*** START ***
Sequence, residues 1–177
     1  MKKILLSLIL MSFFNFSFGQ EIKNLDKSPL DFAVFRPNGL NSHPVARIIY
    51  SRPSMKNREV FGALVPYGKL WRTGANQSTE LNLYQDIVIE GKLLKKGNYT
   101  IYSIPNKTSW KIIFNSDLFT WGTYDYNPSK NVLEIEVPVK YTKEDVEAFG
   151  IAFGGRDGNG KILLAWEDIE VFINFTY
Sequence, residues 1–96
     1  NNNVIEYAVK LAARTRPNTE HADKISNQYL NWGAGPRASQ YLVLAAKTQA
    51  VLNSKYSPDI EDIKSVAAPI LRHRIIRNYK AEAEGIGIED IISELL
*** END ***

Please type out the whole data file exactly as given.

Sequence, residues 1–177
     1  MKKILLSLIL MSFFNFSFGQ EIKNLDKSPL DFAVFRPNGL NSHPVARIIY
    51  SRPSMKNREV FGALVPYGKL WRTGANQSTE LNLYQDIVIE GKLLKKGNYT
   101  IYSIPNKTSW KIIFNSDLFT WGTYDYNPSK NVLEIEVPVK YTKEDVEAFG
   151  IAFGGRDGNG KILLAWEDIE VFINFTY
Sequence, residues 1–96
     1  NNNVIEYAVK LAARTRPNTE HADKISNQYL NWGAGPRASQ YLVLAAKTQA
    51  VLNSKYSPDI EDIKSVAAPI LRHRIIRNYK AEAEGIGIED IISELL